Re: Most companies using open source violate intellectual propertyrights

Discussion in 'NZ Computing' started by Judges 13:18, Jul 27, 2010.

  1. Judges 13:18

    Judges 13:18 Guest

    impossible wrote:
    > Giveaway software published by open source developers is assumed by most
    > users to be "free" -- no cost and unencumbered by any any licensing
    > restrictions. But clearly that's not true. No cost? Yes, because the
    > software has zero value on the open market. But open source software
    > remains
    > the exclusive property of the developers who created it, just like any
    > other
    > software. And apparently that's placed most end users of open source
    > software in a bind..
    >
    > "More than 65% of respondents who believed that they were not distributing
    > open source software were in fact providing software to customers, partners
    > or others outside the organization. In addition, only 22% of companies were
    > using any tools or services to determine whether software contained open
    > source, despite the fact that 84% use open source software."
    >
    > http://www.tmcnet.com/usubmit/2010/06/30/4879060.htm
    >
    > As confused as the Larry D'Loserites are about property rights, this is
    > hardly surprising.
    >
    >


    So, someone does the work for you for free, you take it, claim the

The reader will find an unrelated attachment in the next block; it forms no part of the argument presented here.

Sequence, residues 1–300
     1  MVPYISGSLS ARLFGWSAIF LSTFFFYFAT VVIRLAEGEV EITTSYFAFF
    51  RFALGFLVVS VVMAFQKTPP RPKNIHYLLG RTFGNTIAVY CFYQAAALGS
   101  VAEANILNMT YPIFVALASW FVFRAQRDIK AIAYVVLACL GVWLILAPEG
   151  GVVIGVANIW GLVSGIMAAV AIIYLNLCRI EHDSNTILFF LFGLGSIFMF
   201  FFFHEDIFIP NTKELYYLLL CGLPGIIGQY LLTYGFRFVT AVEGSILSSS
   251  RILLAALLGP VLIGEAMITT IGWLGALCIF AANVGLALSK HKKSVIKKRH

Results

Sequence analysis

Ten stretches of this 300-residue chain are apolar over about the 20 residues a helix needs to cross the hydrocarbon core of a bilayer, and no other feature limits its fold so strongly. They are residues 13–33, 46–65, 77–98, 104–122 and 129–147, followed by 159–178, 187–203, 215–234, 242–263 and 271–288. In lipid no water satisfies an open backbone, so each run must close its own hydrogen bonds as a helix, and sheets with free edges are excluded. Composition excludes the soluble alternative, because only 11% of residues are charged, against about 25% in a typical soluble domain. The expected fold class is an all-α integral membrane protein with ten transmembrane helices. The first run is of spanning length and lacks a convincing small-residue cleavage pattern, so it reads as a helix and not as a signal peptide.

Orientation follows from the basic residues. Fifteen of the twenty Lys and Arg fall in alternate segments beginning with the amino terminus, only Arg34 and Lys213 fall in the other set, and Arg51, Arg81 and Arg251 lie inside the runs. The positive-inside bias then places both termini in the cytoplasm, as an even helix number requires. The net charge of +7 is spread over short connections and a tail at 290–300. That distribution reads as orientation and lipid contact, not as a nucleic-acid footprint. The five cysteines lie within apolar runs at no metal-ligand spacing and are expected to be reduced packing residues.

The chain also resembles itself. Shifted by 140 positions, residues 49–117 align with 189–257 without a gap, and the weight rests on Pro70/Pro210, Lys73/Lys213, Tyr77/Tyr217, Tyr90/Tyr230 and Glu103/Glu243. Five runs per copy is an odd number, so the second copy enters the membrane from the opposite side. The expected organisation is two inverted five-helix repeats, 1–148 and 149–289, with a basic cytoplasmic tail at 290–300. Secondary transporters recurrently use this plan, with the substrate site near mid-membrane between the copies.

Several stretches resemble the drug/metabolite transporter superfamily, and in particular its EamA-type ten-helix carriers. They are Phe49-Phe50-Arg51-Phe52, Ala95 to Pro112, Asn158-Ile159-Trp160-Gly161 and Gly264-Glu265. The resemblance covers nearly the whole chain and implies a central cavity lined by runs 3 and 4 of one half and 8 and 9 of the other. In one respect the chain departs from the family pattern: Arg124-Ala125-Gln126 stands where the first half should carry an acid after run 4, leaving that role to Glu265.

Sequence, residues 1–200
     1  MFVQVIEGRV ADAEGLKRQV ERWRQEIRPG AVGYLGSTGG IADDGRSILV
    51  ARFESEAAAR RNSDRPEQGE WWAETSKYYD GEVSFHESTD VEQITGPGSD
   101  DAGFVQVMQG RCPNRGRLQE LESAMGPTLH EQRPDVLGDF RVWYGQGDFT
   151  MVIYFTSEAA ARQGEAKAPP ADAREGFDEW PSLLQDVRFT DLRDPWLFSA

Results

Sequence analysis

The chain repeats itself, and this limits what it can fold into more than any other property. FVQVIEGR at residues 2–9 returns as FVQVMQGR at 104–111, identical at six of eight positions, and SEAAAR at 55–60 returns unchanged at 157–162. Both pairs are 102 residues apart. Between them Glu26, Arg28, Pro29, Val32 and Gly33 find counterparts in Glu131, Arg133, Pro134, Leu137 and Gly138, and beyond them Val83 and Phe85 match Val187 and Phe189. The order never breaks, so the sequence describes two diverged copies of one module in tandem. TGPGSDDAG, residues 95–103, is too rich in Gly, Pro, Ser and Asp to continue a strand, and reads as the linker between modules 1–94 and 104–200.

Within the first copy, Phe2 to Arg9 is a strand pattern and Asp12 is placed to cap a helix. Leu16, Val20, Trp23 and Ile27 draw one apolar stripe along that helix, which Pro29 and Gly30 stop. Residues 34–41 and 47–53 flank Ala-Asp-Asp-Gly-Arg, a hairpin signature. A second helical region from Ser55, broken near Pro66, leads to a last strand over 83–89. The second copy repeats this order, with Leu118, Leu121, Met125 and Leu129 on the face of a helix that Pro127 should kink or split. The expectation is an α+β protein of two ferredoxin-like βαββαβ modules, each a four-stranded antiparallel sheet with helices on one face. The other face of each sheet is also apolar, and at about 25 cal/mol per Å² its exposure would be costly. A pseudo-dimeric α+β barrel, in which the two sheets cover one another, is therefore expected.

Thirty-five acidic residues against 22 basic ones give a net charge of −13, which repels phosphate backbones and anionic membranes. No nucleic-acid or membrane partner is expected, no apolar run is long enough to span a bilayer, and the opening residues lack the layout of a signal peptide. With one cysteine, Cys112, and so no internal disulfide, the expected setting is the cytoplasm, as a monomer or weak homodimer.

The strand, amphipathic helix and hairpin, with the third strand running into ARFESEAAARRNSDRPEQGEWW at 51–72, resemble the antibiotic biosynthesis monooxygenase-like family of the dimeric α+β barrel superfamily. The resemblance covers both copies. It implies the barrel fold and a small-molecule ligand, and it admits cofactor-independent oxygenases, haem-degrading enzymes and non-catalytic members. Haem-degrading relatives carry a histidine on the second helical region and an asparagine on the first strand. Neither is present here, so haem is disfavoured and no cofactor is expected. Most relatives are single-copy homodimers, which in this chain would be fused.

total ownership of it all, sell it and keep all the money?
    Choice, bro!

    And then, when someone comes and tells you it is not on,
    than you whinge your arse out about open source compliance!
    Ripper!

    BTW, commercial software you have bought has exactly zero value on
    the market. Why? Because you cannot sell it. Legally, that is.
     
    Judges 13:18, Jul 27, 2010
    #1
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  2. In article <>, Judges 13:18 <> wrote:
    >impossible wrote:
    >> Giveaway software published by open source developers is assumed by most
    >> users to be "free" -- no cost and unencumbered by any any licensing
    >> restrictions.


    While your rant is not new, it is still wrong. Of course. :)

    (snip)
    >BTW, commercial software you have bought has exactly zero value on
    >the market. Why? Because you cannot sell it. Legally, that is.


    Sometimes. As you suggest, many licences say they aren't transferrable. Some
    are of course.
     
    Bruce Sinclair, Jul 28, 2010
    #2
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  3. Judges 13:18

    AD. Guest

    On Jul 28, 4:12 pm, "impossible" <> wrote:
    > Just because you're a nym-shifting sock puppet doesn't give you a license to
    > be completely stupid.


    Nah, a nym shifting sock puppet would really need to get one of those
    licenses from you.

    With one of your complete stupidity licenses, he'd be able to put his
    own words in other people mouths and claim all sorts of wild fantasies
    without any evidence. He'd be able to completely misread survey
    results. He'd be able to claim blog postings can't be trusted, and
    then a few days later rely on blog postings that agree with him to
    make stuff up. He'd be able to claim survey results are biased because
    they come from a company selling something, yet a few days later use
    survey results coming from company selling something to make more
    stuff up. He wouldn't need to ever back any argument up. If he ever